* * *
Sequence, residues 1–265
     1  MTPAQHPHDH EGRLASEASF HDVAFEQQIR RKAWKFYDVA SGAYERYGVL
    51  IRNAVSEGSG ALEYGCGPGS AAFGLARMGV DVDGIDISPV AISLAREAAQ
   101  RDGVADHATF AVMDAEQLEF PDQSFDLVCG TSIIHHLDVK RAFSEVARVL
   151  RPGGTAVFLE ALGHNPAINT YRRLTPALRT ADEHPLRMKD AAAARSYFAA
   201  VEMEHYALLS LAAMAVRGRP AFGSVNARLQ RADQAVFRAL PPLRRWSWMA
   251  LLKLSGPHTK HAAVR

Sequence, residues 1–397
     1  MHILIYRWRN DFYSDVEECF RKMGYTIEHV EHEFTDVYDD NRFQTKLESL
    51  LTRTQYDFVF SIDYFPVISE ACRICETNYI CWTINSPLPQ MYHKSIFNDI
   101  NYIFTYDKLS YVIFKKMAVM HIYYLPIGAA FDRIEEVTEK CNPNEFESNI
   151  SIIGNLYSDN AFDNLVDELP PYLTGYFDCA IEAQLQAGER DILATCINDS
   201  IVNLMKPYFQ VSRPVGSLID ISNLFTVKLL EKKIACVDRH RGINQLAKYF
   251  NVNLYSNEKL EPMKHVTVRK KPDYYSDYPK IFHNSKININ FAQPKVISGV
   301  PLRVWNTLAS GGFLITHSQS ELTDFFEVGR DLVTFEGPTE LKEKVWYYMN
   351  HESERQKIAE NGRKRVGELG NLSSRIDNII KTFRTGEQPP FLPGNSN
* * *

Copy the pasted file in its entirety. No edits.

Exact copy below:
Sequence, residues 1–265
     1  MTPAQHPHDH EGRLASEASF HDVAFEQQIR RKAWKFYDVA SGAYERYGVL
    51  IRNAVSEGSG ALEYGCGPGS AAFGLARMGV DVDGIDISPV AISLAREAAQ
   101  RDGVADHATF AVMDAEQLEF PDQSFDLVCG TSIIHHLDVK RAFSEVARVL
   151  RPGGTAVFLE ALGHNPAINT YRRLTPALRT ADEHPLRMKD AAAARSYFAA
   201  VEMEHYALLS LAAMAVRGRP AFGSVNARLQ RADQAVFRAL PPLRRWSWMA
   251  LLKLSGPHTK HAAVR

Sequence, residues 1–397
     1  MHILIYRWRN DFYSDVEECF RKMGYTIEHV EHEFTDVYDD NRFQTKLESL
    51  LTRTQYDFVF SIDYFPVISE ACRICETNYI CWTINSPLPQ MYHKSIFNDI
   101  NYIFTYDKLS YVIFKKMAVM HIYYLPIGAA FDRIEEVTEK CNPNEFESNI
   151  SIIGNLYSDN AFDNLVDELP PYLTGYFDCA IEAQLQAGER DILATCINDS
   201  IVNLMKPYFQ VSRPVGSLID ISNLFTVKLL EKKIACVDRH RGINQLAKYF
   251  NVNLYSNEKL EPMKHVTVRK KPDYYSDYPK IFHNSKININ FAQPKVISGV
   301  PLRVWNTLAS GGFLITHSQS ELTDFFEVGR DLVTFEGPTE LKEKVWYYMN
   351  HESERQKIAE NGRKRVGELG NLSSRIDNII KTFRTGEQPP FLPGNSN